1

I have a POST endpoint that takes a URL path param and then the body is a list of submitted DTOs.

So right now the request DTO looks something along the lines of:

[Route("/prefix/{Param1}", "POST")]
public class SomeRequest
{
    public string          Param1  { get; set; }
    public List<SomeEntry> Entries { get; set; }
}

public class SomeEntry
{
    public int    ID    { get; set; }
    public int    Type  { get; set; }
    public string Value { get; set; }
}

And the service method looks something like:

public class SomeService : Service
{
    public SomeResponse Post(SomeRequest request)
    {
    }
}

If encoded via JSON, the client would have to encode the POST body this way:

{
    "Entries":
    [
        {
            "id":    1
            "type":  42
            "value": "Y"
        },
        ...
    ]
}

This is redundant, I would like the client to submit the data like this:

[
    {
        "id":    1
        "type":  42
        "value": "Y"
    },
    ...
]

Which would have been the case if my request DTO was simply List<SomeEntry>

My questions is: is there a way to "flatten" the request this way? Or designate one property of the request as the root of the message body? i.e perhaps:

[Route("/prefix/{Param1}", "POST")]
public class SomeRequest
{
    public string          Param1  { get; set; }
    [MessageBody]
    public List<SomeEntry> Entries { get; set; }
}

Is this doable in any way in ServiceStack?

1

I was able to sort of get this to sort of work by subclassing List<T>:

[Route("/prefix/{Param1}", "POST")]
public class SomeRequest : List<SomeEntry>
{
    public string          Param1  { get; set; }
}

Then you can send a request like this:

POST /prefix/someParameterValue
Content-Type: application/json
[ { "ID": 1, "Type": 2, "Value": "X" }, ... ]

But if you have any choice in the design, I wouldn't recommend this. Here's a couple of reasons to start with:

  • I found at least one problem with this at runtime: sending an empty array, e.g. [ ] in JSON, is resulting in a 400 status code with RequestBindingException
  • It's less flexible. What if you do need to add additional top-level properties to the request in the future? You would be stuck with them being path/query params. Having a regular class-containing-a-list allows you to add new optional properties at the top level of the request body, with backward compatibility
  • 1
    Note: If you're inheriting from a Collection, you shouldn't add any properties as it will not behave as expected (JSON only supports Arrays or Literals, not both). The solution is for DTOs to reflect the same shape as the wire-format, which is essentially the purpose of DTO's - to represent the wire-format, alleviating the effort in de/serializing responses. It's a losing proposition to try inject magic behavior during serialization, which is unlikely to be known to clients, when translating to different DTO's with the desired shapes in C# are simpler, more flexible and easier to reason about. – mythz Oct 4 '13 at 17:20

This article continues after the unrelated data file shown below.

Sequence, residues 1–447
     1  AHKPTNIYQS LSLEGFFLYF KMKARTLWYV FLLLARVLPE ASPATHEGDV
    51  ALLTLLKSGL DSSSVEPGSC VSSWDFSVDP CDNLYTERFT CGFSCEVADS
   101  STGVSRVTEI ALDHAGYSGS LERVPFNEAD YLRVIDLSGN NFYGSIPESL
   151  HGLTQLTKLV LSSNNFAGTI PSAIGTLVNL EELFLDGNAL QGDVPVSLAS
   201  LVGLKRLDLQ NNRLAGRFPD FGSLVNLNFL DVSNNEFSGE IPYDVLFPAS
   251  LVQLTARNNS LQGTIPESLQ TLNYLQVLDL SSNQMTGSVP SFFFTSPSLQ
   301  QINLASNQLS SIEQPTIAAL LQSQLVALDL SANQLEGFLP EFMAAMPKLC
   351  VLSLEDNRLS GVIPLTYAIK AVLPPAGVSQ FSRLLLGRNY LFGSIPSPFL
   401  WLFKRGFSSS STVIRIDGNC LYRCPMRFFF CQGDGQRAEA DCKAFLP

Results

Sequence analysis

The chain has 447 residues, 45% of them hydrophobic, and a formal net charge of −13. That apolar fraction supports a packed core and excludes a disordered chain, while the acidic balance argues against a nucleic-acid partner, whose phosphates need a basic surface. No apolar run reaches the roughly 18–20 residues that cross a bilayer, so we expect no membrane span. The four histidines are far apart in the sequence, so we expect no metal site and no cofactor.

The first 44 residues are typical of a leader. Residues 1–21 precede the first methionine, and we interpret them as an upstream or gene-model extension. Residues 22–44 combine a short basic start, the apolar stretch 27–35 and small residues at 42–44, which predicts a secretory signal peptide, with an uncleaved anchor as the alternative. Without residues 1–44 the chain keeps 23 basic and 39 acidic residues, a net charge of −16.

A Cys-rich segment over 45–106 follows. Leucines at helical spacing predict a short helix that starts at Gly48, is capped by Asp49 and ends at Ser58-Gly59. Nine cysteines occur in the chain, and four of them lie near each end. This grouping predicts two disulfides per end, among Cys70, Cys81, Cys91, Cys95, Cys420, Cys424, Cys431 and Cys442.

• Hi mythz, What I'm trying to achieve is perfectly doable in Java with Jersey or Spring MVC, or in Rails. C# clients aren't the only clients. For any other client other than the ServiceStack client, this redundant extra level wouldn't make sense. Imagine for example that my service above is consumed from a rails front-end, which is the case. This isn't magic behaviour, it's very well defined - since the DTO represents the whole request, spread over the path, query string variables and the body, it only follows that one property could represent the whole body. It's a common use case. – Amir Abiri Oct 4 '13 at 17:54
  • The bottom line is, as you say - the purpose of the DTO is to represent the request. You've also stated that you aim ServiceStack to be non-opinionated software (an approach I very much agree with). Well here there is a certain valid form of how I want to design my REST interface, which isn't achievable with a request DTO in ServiceStack. – Amir Abiri Oct 4 '13 at 17:56
  • @esker: That's a clever way to achieve this which I didn't think about. But I think I'll go with my solution for all the reasons mentioned. – Amir Abiri Oct 4 '13 at 17:58
  • @AmirAbiri Best to stick with your Java solution, ServiceStack is designed to promote 'pit of success' development of web services - it is opinionated towards this. Refer to definition of DTO's and Request DTOs/ServiceLayer is important. This means we promote using DTO's as they were intended, i.e. as representations of value objects that controls de/serialization over the wire. Not being able to represent the desired wire-format with a programatic object model, is a code-smell to avoid. – mythz Oct 4 '13 at 18:03
0

OK I've managed to achieve this. Not the prettiest solution but will do for now.

I wrapped the content type filter for JSON:

var serz   = ContentTypeFilters.GetResponseSerializer("application/json");
var deserz = ContentTypeFilters.GetStreamDeserializer("application/json");
ContentTypeFilters.Register("application/json", serz, (type, stream) => MessageBodyPropertyFilter(type, stream, deserz));

Then the custom deserializer looks like this:

private object MessageBodyPropertyFilter(Type type, Stream stream, StreamDeserializerDelegate original)
{
    PropertyInfo prop;
    if (_messageBodyPropertyMap.TryGetValue(type, out prop))
    {
        var requestDto = type.CreateInstance();
        prop.SetValue(requestDto, original(prop.PropertyType, stream), null);
        return requestDto;
    }
    else
    {
        return original(type, stream);
    }
}

_messageBodyPropertyMap is populated after init by scanning the request DTOs and looking for a certain attribute, as in the example in my original question.

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